President names new Kilmore Quay lifeboat

THE BLUE and red flags of the RNLI fluttered proudly in celebration as President Mary McAleese officially named a new €3 million lifeboat in Kilmore Quay.

The President performed the champagne-smashing ceremony by flicking a switch a safe distance from the first Tamar class RNLI lifeboat to be put into service in Ireland.

The Killarney, which is the most modern and technically advanced lifeboat in the RNLI fleet, was at the centre of a ceremony attended by a large gathering of guests who assembled under a canopy in the harbour.

In an amazing gesture of generosity, the lifeboat was funded by a legacy from Mrs Mary Weeks of Surrey in England, who passed away in 2006. Mrs Weeks (née Distin) met her husband on a cruise off the west coast of Scotland on a boat named Killarney.

She had a strong connection to the RNLI, being a relation of both the coxwain of Salcombe lifeboat Samuel Distin and crew member Albert Distin, who lost their lives in the Salcombe lifeboat disaster of 1916.

Adding poignancy to the proceedings, her niece Betty Hull, great niece Anne Piggford and great nephew David Hull were special guests at the ceremony in Kilmore Quay and formally handed the lifeboat into the care of the RNLI.

Addressing the attendance, President McAleese said: 'Everything that is good about human nature is gathered on this day. All the good qualities, all the things that people are capable of doing out of goodness, generosity, love, kindness, care, concern; all gather around the naming of this boat this day.'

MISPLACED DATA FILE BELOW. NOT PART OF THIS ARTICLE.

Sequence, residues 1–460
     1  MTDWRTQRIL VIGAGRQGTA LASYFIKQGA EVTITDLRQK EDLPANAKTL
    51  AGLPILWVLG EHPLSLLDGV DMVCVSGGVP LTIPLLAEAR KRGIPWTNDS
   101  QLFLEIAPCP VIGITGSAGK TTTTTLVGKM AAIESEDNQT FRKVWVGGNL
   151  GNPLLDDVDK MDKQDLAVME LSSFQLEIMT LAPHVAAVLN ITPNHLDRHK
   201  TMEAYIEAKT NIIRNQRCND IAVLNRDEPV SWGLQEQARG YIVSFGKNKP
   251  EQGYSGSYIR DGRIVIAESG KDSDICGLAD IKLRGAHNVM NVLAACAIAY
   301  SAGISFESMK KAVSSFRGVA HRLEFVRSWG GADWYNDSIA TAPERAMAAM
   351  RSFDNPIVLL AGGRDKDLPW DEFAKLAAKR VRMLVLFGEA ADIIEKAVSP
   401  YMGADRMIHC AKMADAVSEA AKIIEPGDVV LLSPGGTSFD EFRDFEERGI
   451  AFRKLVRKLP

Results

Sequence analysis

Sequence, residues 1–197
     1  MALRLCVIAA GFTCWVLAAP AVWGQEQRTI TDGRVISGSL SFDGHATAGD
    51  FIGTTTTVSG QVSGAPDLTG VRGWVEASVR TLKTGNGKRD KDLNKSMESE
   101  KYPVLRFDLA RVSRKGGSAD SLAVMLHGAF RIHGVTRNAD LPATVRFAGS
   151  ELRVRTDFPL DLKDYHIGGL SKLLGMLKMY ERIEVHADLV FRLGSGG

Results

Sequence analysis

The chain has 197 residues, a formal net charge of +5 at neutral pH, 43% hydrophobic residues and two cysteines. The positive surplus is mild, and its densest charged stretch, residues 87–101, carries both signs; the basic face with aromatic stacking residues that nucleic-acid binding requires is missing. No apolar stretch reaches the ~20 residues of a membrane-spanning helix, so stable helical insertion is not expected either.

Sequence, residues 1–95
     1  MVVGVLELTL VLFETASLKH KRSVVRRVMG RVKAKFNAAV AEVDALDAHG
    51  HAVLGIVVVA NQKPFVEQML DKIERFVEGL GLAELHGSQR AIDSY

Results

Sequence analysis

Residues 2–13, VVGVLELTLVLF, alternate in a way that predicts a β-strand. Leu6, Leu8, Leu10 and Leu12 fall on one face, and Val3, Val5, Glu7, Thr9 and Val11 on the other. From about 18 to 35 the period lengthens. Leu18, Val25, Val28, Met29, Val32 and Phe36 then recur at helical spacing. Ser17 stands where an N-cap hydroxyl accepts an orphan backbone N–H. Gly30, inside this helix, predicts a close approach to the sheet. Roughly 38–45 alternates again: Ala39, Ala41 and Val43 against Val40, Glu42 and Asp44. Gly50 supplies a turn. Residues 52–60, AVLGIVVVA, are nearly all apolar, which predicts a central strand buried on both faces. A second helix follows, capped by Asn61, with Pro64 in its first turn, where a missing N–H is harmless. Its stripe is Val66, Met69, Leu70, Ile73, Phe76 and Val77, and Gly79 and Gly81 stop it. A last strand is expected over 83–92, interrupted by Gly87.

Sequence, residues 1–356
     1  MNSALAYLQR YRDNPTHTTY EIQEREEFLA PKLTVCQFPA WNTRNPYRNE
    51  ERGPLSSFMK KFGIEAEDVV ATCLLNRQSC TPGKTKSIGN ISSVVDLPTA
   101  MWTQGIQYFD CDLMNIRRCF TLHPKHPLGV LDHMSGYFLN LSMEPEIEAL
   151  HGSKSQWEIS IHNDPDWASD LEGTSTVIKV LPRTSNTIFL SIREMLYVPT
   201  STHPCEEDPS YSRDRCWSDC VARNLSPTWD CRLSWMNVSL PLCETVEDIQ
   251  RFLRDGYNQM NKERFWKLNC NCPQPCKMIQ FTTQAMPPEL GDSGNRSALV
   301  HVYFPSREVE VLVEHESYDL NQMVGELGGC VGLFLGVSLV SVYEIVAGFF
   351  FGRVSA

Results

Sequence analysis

'It comes to us by way of gift, it has been blessed and the gift itself is a blessing. A blessing not just to those that take the boat into their ownership this day but to the people who someday will need its blessing and need its gift,' said President McAleese.

The President said the RNLI had a proud history of saving lives for almost 200 years. Tens and thousands of people had called on the lifeboat, called on the volunteer crews and without knowing it, called on the generosity of people like Mary Weeks who would never live to see the boat but would give it as an act of generosity to future people, complete strangers she would never know.

Seán Radford, lifeboat operations manager in Kilmore Quay, said the new lifeboat had already been called out 13 times in emergency situations.

'At Kilmore Quay, with a long and proud lifeboat tradition dating back to 1847, we pride ourselves on being ready to answer the call.' he said. ' The crew in Kilmore Quay provide an exceptional service to their community and have been doing so for 164 years since our first lifeboat.'

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